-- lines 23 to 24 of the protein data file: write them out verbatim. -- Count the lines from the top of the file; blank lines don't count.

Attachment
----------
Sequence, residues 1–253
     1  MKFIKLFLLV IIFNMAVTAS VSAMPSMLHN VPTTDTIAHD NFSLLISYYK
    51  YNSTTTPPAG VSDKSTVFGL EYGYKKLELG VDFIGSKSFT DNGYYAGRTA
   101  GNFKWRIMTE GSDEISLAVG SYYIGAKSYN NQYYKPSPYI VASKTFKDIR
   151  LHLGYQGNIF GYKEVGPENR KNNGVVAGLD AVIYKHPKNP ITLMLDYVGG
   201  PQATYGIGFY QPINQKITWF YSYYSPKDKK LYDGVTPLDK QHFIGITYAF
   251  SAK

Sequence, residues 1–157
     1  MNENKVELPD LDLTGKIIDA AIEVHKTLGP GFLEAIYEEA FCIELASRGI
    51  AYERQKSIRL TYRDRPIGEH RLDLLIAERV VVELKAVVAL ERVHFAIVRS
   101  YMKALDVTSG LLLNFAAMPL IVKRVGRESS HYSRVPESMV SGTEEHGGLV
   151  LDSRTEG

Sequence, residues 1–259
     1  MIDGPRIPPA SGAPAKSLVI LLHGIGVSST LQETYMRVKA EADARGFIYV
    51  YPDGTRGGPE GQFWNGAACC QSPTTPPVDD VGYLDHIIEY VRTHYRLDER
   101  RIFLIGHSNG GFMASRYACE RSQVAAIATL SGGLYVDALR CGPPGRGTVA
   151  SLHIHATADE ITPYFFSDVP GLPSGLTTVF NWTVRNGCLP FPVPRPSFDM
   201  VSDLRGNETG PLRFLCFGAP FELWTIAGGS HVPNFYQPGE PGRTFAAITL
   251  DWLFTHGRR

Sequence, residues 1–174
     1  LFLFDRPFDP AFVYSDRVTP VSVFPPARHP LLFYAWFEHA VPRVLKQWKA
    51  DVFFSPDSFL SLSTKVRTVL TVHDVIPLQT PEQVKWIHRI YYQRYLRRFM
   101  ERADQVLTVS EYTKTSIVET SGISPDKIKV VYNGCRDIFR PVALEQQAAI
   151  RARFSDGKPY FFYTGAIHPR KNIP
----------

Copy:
   101  ERADQVLTVS EYTKTSIVET SGISPDKIKV VYNGCRDIFR PVALEQQAAI
   151  RARFSDGKPY FFYTGAIHPR KNIP